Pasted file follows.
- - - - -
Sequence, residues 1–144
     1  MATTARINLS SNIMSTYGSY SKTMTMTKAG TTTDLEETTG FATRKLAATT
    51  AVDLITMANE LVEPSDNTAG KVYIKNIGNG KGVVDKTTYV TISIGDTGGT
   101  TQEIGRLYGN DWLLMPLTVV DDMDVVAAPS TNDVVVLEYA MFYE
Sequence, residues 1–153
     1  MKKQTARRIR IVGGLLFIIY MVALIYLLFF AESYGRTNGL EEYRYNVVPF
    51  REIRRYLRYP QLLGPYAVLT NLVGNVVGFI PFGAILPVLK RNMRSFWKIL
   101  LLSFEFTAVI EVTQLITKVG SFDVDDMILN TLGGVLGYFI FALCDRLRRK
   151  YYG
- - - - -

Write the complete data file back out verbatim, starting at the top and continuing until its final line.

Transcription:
Sequence, residues 1–144
     1  MATTARINLS SNIMSTYGSY SKTMTMTKAG TTTDLEETTG FATRKLAATT
    51  AVDLITMANE LVEPSDNTAG KVYIKNIGNG KGVVDKTTYV TISIGDTGGT
   101  TQEIGRLYGN DWLLMPLTVV DDMDVVAAPS TNDVVVLEYA MFYE
Sequence, residues 1–153
     1  MKKQTARRIR IVGGLLFIIY MVALIYLLFF AESYGRTNGL EEYRYNVVPF
    51  REIRRYLRYP QLLGPYAVLT NLVGNVVGFI PFGAILPVLK RNMRSFWKIL
   101  LLSFEFTAVI EVTQLITKVG SFDVDDMILN TLGGVLGYFI FALCDRLRRK
   151  YYG